‘Winds of change howling through corridors of power’: Morrison challenged to act

‘Winds of change howling through corridors of power’: Morrison challenged to act


Labor has challenged Prime Minister Scott Morrison to act more swiftly on public anger about the treatment of women, sparking a personal clash in Parliament about claims of sexual assault on both sides of politics.

Mr Morrison promised to respond to protests about violence against women, declaring he shared the frustrations of thousands of people who rallied across the country on Monday.

Labor expressed disbelief the PM had not known of Brittany Higgins’ allegation she had been raped by a colleague in 2019 sooner.Credit:Dominic Lorrimer

But Labor leader Anthony Albanese seized on the Women’s March 4 Justice protests to accuse Mr Morrison of trying to manage the politics without solving the problem, turning the issue into a test of leadership.

Labor backbenchers jeered Mr Morrison in a heated debate over the “stain of violence” suffered by women, while questioning him about the alleged rape of former Liberal staffer Brittany Higgins by a colleague in a minister’s office two years ago.

Question time began with statements from Mr Morrison and Mr Albanese praising the march outside Parliament House, but the Prime Minister drew anger from the opposition benches when he said it was Australia’s “vibrant liberal democracy” that allowed protesters to peacefully express their frustrations.

“Not far from here, such marches, even now, are being met with bullets, but not here in this country. Not here in this country. This is a triumph of democracy when we see these things take place,” he said.

Mr Albanese said Mr Morrison had “not so much a tin ear as a wall of concrete” in failing to act on calls for change, noting the government was yet to respond to all the findings of the Respect@Work report on workplace sexual harassment, which was handed down one year ago.

“Women are demanding change and they are entitled to get it,” Mr Albanese said.

Labor expressed disbelief that Mr Morrison had not known of Ms Higgins’ rape allegation sooner than February 15, when the claim was revealed in the media.

Labor also rebuked Mr Morrison for not reading the statement of a woman who accused Attorney-General Christian Porter of raping her in 1988, a claim he strongly denies.

Labor MPs Anika Wells, Kate Thwaites and Alicia Payne returned to Parliament from maternity leave and paid homage to a photo from 1943 of Dorothy Tangey and Dame Enid Lyons entering the front door of Old Parliament House.Credit:National Film and Sound Archive, Alex Ellinghausen

“Without consequences, we’re unlikely to get change because a lot of this is about power so there has to be checks on the power,” Ms Thwaites said.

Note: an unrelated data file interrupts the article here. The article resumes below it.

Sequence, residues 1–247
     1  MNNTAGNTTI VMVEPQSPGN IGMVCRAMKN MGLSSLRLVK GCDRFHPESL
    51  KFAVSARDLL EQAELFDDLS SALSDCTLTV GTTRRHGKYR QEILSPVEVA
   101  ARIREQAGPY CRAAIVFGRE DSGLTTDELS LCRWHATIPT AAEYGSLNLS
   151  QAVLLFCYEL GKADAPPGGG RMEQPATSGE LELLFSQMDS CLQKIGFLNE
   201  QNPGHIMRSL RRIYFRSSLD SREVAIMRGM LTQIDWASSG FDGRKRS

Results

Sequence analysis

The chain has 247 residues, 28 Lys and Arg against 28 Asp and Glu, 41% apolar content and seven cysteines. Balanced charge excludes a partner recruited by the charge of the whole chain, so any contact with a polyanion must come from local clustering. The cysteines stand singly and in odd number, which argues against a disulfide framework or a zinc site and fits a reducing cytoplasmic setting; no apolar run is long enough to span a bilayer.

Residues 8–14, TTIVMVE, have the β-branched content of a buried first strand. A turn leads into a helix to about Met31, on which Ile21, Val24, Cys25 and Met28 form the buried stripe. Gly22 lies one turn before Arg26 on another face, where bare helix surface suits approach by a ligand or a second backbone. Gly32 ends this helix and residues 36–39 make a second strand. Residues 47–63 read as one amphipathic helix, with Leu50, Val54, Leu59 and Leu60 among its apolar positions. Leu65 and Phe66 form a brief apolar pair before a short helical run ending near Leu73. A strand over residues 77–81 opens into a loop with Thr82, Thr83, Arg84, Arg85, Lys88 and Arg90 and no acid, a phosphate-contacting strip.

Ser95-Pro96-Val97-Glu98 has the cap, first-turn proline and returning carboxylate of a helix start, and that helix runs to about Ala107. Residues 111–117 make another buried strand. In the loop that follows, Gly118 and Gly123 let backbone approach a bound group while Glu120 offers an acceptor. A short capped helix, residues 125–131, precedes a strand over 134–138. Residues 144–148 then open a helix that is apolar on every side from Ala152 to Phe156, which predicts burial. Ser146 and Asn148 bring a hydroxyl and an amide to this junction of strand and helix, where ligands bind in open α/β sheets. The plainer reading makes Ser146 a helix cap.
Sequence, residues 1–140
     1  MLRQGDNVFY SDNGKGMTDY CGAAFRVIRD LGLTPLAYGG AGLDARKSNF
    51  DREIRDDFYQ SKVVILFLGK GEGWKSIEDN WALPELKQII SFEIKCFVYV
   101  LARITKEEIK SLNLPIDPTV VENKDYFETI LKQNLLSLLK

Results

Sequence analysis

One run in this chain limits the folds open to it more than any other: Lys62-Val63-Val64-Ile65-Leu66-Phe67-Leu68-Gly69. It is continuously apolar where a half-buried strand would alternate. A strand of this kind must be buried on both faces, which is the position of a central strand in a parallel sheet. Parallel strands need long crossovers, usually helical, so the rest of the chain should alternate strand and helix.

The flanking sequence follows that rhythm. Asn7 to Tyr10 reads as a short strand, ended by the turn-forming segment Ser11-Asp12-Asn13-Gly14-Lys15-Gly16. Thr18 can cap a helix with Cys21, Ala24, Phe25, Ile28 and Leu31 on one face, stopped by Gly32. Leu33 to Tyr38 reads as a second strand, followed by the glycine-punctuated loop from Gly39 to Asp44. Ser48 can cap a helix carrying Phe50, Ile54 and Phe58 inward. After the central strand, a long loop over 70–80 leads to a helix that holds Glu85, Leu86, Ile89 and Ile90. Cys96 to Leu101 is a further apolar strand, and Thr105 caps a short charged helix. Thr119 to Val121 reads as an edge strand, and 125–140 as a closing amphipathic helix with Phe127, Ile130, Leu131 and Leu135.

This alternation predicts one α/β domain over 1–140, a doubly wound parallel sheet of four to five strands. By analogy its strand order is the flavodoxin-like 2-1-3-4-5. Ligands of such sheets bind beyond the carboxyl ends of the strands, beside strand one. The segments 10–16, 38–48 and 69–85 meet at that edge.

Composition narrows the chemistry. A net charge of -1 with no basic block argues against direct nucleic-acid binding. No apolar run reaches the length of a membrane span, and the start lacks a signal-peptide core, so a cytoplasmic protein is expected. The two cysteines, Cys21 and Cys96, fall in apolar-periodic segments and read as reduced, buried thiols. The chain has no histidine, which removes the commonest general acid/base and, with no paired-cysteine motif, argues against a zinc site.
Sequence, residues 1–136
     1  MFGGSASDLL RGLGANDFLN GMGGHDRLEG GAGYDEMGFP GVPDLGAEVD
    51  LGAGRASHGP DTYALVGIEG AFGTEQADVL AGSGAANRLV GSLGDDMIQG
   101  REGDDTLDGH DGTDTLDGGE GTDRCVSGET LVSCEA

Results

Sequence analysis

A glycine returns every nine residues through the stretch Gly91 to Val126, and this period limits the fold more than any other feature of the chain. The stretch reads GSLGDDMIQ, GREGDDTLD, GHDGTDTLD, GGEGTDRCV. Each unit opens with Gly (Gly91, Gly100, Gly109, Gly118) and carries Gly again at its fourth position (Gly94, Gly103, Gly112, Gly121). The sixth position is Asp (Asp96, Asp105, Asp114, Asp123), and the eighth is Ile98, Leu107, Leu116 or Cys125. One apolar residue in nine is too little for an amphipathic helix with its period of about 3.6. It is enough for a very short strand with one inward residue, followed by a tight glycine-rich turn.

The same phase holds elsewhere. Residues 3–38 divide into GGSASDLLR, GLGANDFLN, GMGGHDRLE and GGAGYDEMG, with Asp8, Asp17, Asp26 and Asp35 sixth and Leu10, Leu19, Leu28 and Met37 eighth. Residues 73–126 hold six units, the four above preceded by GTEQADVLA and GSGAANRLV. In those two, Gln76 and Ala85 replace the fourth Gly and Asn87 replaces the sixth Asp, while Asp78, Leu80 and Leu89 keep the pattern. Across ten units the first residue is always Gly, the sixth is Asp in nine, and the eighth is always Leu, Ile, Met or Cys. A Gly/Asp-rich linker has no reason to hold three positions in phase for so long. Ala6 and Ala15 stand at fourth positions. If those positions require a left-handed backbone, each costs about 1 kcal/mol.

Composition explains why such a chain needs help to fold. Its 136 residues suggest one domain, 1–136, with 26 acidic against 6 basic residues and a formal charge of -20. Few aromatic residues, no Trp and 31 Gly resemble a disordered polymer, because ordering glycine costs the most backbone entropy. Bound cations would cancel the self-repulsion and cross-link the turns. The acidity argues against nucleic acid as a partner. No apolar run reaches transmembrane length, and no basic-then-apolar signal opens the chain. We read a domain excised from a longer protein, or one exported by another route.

While Mr Morrison did not attend Canberra’s March 4 Justice protest, more than a dozen Coalition MPs did, including frontbenchers Jane Hume, Melissa Price, Zed Seselja and Luke Howarth. About three-quarters of the Labor caucus joined the rally along with many of their staff.

Liberal Celia Hammond told Parliament ahead of the protest the need for cultural change in society, in politics and in the criminal justice system was clear.

“We must refuse to accept that just because it has always been this way it should continue that way,” she said. “Personally, I refuse to accept that an acceptable response to all of this is to suck it up, toughen up, move on.”

Coalition politicians Sarah Henderson, Angie Bell, Jane Hume, Luke Howarth, Michelle Landry, Zed Seselja, Bridget McKenzie, Dr Anne Webster and Gerard Rennick at the Women’s March 4 Justice in Canberra.Credit:Alex Ellinghausen

She urged all sides of politics to listen, to put aside their own biases and “engage in a truly genuine non-partisan process, not one that is carried out via a polemical tit-for-tat or the vile anonymous sewer that inhabits vast portions of social media”.

Liberal colleague Katie Allen, the member for Higgins, said the government had to act on the call for change. To start with, she wants to see more money put towards implementing the Respect@Work recommendations.

“The warm winds of change for women are now howling through the corridors of power and it is not a moment too soon,” she said.

Liberal member for Reid Fiona Martin said Australia stood at a critical point in its history.

“As thousands gather not far from where we are right now, the message being sent is loud and clear. We are not doing enough,” she said. “I did not come to Canberra to protest, I came to Canberra to legislate.”

National Sexual Assault, Family & Domestic Violence Counselling Line: 1800 737 732. Crisis support can be found at Lifeline: (13 11 14 and lifeline.org.au), the Suicide Call Back Service (1300 659 467 and suicidecallbackservice.org.au) and beyondblue (1300 22 4636 and beyondblue.org.au).

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